What does your training program look like on a weekly basis?

The weeks throughout this build have been relatively similar, they would normally consist of mostly long, easy running, spending lots of time on feet and getting my legs used to being tired. Wednesday and Sunday were the main session days with bigger volume or focus on speed. Wednesday sessions would be on the track aiming to run at 10K pace or quicker getting the legs turning over fast. Sunday is the long run, a big volume session that is marathon specific, trying to replicate the race, practice taking on drinks and fueling.

Having to get used to marathon training, we didn't have a rest day every week. I allowed the body to recover by slowing down the pace, running on softer surfaces such as grass and getting more sleep on these days.

  • Monday: 6.5 miles in the morning / 8 miles in the evening.
  • Tuesday: 5 miles in the morning / 10 miles in the evening.
  • Wednesday: 2 miles in the morning / 7 mile continuous track session of 400m in 70 seconds, 400m in 90 seconds. 16 miles total in the evening.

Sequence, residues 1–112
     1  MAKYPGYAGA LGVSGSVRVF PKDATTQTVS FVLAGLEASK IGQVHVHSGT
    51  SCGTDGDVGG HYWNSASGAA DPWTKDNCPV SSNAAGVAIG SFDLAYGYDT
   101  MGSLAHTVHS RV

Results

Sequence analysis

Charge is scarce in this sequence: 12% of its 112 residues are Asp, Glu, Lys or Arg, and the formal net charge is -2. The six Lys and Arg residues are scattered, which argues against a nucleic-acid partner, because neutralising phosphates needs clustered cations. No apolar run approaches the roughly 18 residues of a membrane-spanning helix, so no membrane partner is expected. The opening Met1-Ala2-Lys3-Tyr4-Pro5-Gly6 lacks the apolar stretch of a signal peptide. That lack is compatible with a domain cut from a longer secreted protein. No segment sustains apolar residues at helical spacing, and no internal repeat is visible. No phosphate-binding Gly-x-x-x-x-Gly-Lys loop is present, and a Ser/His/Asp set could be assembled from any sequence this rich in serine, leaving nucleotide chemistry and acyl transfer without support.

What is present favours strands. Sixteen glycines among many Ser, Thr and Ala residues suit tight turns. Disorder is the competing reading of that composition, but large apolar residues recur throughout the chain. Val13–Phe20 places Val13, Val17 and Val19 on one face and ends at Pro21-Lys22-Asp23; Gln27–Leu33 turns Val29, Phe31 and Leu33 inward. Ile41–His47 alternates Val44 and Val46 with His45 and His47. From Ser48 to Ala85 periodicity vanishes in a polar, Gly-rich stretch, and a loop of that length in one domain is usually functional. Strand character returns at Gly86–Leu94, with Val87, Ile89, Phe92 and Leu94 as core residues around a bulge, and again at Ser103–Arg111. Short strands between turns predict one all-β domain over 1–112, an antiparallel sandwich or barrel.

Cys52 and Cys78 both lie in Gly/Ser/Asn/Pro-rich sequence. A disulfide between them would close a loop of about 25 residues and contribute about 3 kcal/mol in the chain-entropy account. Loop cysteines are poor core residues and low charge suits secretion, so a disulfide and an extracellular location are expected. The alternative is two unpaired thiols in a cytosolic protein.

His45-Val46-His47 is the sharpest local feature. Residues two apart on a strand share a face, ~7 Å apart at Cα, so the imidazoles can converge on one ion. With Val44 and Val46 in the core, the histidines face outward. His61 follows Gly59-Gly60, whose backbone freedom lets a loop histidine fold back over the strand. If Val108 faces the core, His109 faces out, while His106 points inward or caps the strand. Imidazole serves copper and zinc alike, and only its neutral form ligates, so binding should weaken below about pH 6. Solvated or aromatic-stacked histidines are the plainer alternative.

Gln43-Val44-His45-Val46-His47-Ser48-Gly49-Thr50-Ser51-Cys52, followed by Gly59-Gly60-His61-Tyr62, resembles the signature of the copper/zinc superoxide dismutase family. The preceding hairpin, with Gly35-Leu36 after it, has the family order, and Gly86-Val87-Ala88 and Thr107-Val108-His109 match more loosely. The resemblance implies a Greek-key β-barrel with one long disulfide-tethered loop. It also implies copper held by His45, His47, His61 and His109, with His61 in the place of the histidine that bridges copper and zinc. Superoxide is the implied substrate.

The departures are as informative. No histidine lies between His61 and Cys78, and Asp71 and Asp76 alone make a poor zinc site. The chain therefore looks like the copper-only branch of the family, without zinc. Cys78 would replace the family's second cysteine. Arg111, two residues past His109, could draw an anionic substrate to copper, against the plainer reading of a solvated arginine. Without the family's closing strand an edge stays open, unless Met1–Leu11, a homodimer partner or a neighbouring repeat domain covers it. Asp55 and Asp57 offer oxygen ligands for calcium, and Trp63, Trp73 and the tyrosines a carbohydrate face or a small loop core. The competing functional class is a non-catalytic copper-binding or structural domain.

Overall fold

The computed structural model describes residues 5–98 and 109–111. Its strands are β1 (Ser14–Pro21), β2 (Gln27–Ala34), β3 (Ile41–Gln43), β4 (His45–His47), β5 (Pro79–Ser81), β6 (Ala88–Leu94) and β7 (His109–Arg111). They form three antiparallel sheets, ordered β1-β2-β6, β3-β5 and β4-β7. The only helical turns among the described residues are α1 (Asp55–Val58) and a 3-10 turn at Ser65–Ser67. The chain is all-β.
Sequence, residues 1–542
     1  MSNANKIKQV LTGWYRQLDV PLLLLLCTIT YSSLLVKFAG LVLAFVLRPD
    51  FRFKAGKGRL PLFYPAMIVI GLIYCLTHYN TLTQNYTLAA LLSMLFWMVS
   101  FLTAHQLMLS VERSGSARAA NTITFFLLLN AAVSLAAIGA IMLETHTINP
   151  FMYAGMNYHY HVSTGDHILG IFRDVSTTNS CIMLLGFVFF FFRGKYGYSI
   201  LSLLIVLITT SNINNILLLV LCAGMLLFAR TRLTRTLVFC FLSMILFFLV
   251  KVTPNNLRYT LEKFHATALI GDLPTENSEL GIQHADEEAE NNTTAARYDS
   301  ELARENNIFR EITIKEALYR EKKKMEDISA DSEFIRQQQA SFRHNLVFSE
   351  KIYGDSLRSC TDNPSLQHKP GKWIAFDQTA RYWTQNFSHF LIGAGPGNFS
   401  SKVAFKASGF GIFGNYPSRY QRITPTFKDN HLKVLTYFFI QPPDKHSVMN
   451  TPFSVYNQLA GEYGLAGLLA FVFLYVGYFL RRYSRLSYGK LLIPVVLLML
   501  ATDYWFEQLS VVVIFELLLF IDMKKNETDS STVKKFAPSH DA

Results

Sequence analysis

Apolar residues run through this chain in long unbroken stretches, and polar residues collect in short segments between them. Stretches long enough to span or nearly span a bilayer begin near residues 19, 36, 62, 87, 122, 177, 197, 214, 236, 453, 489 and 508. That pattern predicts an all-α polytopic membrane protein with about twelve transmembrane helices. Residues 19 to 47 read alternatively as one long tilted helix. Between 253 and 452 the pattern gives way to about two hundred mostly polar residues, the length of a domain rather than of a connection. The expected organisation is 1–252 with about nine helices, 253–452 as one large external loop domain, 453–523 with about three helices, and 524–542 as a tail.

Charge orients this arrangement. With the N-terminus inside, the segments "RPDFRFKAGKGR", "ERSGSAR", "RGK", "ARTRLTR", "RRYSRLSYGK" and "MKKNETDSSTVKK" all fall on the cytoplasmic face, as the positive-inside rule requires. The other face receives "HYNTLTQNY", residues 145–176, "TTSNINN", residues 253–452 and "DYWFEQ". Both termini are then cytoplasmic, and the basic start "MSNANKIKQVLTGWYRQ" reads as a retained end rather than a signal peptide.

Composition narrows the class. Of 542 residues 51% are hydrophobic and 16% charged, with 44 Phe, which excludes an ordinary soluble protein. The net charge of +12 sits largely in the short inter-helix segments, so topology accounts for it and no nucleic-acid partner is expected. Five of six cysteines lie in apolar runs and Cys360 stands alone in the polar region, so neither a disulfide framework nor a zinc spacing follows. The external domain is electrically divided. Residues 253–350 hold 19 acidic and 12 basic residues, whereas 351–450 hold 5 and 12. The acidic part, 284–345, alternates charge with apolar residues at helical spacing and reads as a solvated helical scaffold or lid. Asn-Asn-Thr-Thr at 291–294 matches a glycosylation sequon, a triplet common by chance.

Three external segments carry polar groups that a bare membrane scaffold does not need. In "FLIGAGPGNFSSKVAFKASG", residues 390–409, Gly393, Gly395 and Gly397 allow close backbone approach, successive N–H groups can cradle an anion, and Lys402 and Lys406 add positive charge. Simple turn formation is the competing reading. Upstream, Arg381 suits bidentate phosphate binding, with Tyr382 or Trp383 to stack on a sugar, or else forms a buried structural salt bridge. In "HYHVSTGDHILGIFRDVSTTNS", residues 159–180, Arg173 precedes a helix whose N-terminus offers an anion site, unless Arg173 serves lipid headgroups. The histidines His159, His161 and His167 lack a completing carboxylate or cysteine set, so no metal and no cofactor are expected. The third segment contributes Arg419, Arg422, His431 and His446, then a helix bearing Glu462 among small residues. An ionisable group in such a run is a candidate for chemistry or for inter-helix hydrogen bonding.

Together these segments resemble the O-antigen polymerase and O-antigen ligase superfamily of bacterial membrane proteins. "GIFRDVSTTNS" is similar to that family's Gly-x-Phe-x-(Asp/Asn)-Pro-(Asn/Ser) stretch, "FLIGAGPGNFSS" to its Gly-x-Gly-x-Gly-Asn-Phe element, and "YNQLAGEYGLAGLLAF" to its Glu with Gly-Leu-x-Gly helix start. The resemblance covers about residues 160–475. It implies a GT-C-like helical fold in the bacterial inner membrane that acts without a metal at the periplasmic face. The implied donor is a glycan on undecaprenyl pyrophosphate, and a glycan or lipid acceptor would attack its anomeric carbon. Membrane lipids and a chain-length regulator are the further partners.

• Thursday: 12.5 mile in the evening.
  • Friday: 12.5 miles in the morning including a 4 mile block at 5:22 minute per mile pace.
  • Saturday: 10 miles in the morning.
  • Sunday: 2 hour long run with 1 hour at 5:29 minute per mile pace and 1 hour at 5:04 minute per mile pace 25 miles total for the run.

The total for the week was 107 miles, with 3,414ft of elevation gain.

SAYSKY Athlete

How do you keep yourself motivated?

Motivation is so unique to everyone, for me it’s simply about remembering why I am putting myself through this training, knowing that on 9:30 Oct 3rd, the gun is going to go off and I’ll be on that starting line, so I better turn up ready, or not at all. There is a Japanese term called ‘Kaizen’ which means continuous improvement, it comes from the world of business and it’s a philosophy to always seek ways to change for the better. I try to adopt this into all areas of my life, and of course into my training, asking myself what can I do to continuously improve.

How do you prepare yourself up to the race?